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The mascot amendments

KABOOM!

You probably just groaned.

It’s a name (and a face) that is burnt into the minds of Bradley students all over campus. It’s convincingly the most questionable part of the Hilltop.

It’s our mascot. His name is Kaboom!. Is the exclamation point really a part of the name? Are we sure it isn’t spelled in all caps? Is it an onomatopoeia? Not really, but it all seems fitting.

Every Thanksgiving and Christmas, it seems like I have to constantly explain the origin story of Kaboom!. Every time I show family members and friends a picture of him, they ask the same question: “What is that thing?”

I respond, “It’s a gargoyle.”

“But why?”

Because there are gargoyles are on top of campus buildings. It seems to be the storyline we chose to go with. In reality, there are only few visible gargoyles on Bradley Hall and Hayden-Clark Alumni Center. Why was a gargoyle the go-to choice for the mascot?

According to an article in The Scout from 2016, when the university was searching for a new mascot, suggestions included “Braveheart, Westlake Hall’s clock, a gargoyle, military personnel, a superhero, a squirrel and having no mascot.”

I don’t know what’s more depressing: having a clock as your mascot, having no mascot or having a gray limestone beast with small horns. Now, it’s a little more clear what we were dealing with when Kaboom! was chosen.

It’s been five years since Kaboom! was unveiled to us at a Bradley basketball game versus Loyola on Feb. 22, 2014. This was also the first time that people looked at Kaboom! and said, “But why?”

In those five years, the mascot has been called “the most terrifying new mascot in college sports” by the USA Today and even featured in Sports Illustrated.

It’s clear: Kaboom! is not the most popular mascot in the nation. People are confused when they look at him and the internet immediately labels him a nightmare.

Now, in no way am I bashing Kaboom!. I’m just citing the opinion the internet protrays. Once you get used to him, he isn’t so confusing or terrifying.

If a gargoyle was confusing to my uncle at the dinner table, then explaining the concept of Saint Louis University’s Billiken will make him rethink time and space. I’ll let you do the research on that one; I’d need a whole other column to go over what a Billiken is.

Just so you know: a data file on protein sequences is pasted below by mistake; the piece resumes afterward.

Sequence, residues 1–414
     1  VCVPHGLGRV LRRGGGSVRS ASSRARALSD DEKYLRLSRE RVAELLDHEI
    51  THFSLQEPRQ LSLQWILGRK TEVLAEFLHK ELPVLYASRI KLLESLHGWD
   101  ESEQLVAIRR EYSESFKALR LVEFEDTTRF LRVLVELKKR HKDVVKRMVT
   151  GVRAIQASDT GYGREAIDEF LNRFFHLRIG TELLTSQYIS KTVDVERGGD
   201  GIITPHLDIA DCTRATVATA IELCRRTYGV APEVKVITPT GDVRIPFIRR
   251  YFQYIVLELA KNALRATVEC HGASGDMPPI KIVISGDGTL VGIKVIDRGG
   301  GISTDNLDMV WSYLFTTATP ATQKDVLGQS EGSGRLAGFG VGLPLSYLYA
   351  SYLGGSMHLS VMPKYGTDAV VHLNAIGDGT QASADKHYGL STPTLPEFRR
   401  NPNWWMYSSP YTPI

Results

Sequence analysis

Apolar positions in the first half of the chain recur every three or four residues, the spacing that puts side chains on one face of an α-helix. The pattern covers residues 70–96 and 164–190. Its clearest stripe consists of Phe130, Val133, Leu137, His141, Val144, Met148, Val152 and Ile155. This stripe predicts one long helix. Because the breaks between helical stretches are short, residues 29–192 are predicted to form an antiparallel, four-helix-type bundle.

And if it’s the factor of “terrifying” that we are talking about, then don’t look any farther than the New Orleans Pelicans’ King Cake Baby. In honor of Mardi Gras, the Pelicans present a monster that is supposed to be a celebratory symbol. Search Google Images for it, just not at night.

I want to be proud of Kaboom!, I really do. Bradley hasn’t had the pride of mascot in so long. The Native American imagery was removed in 1992 and the bobcat never worked out. In this case, we have to put in an extra effort to make a mark with Kaboom!.

Now, this is where I get critical: it’s once you see Kaboom! try to pump up a crowd you realize he’s just not getting the job done. The webbed feet are too big; he’s awkward when he walks. This holds him back from running around and bringing energy to fans. He needs to be able to at least attempt a half-court shot.

Specifically, it’s a costume department issue and the funds may not be there for a new suit right away. Hopefully, in the near future, demand will come for a Kaboom! costume upgrade and appropriate arrangements will be made.

What we need is an atheltic Kaboom!, one that can do backflips and is a spectacular dancer. BYU’s Cosmo the Cougar can pull off a choreographed hip-hop dance with cheerleaders while Kaboom! would have a hard time keeping his head on while attempting the “Cupid Shuffle.” 

Uniquely enough, Kaboom!’s signature entrance to men’s basketball is riding in on a motorcycle, which people really like. Unique is a word that can describe the last few years with Kaboom!. People have laughed and stared, but there are solutions to alter the mascot stigma.

Just this year, the Philadelphia Flyers were given Gritty, a googly-eyed, deranged-looking muppet mascot whom the world shouted down with criticism. In this case, however, the Philadelphia fans took it personally.

They knew their mascot looked freaky, they knew their mascot didn’t make sense and they even asked the question. “But why?” But when it seemed like the world kept mocking something apart of Philadelphia’s identity, the fans went to Gritty’s side. They defended and accepted him for what he was. That’s family.

Do you think Kaboom! is creepy? Do you want another mascot? Maybe it’s time we accept him for what he represents but add some smaller feet.

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